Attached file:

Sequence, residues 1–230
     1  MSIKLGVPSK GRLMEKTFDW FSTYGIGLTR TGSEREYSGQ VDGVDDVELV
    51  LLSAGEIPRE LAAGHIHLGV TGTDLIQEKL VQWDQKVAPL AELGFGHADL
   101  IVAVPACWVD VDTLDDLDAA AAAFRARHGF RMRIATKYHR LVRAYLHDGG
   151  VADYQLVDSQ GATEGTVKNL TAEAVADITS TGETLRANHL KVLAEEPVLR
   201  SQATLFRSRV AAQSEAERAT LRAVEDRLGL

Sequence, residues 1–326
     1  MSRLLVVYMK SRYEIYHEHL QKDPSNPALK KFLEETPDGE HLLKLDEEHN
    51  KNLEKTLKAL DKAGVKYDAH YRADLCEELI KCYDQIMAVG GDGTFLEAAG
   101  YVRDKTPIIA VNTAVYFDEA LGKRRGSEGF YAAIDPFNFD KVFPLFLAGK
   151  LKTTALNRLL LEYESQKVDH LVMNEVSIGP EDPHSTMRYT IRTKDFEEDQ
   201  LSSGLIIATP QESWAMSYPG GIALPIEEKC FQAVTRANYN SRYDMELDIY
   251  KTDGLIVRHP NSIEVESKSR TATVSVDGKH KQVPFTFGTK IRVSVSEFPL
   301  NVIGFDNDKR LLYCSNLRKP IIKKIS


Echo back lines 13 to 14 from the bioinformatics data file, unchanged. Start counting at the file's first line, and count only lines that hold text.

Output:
   251  KTDGLIVRHP NSIEVESKSR TATVSVDGKH KQVPFTFGTK IRVSVSEFPL
   301  NVIGFDNDKR LLYCSNLRKP IIKKIS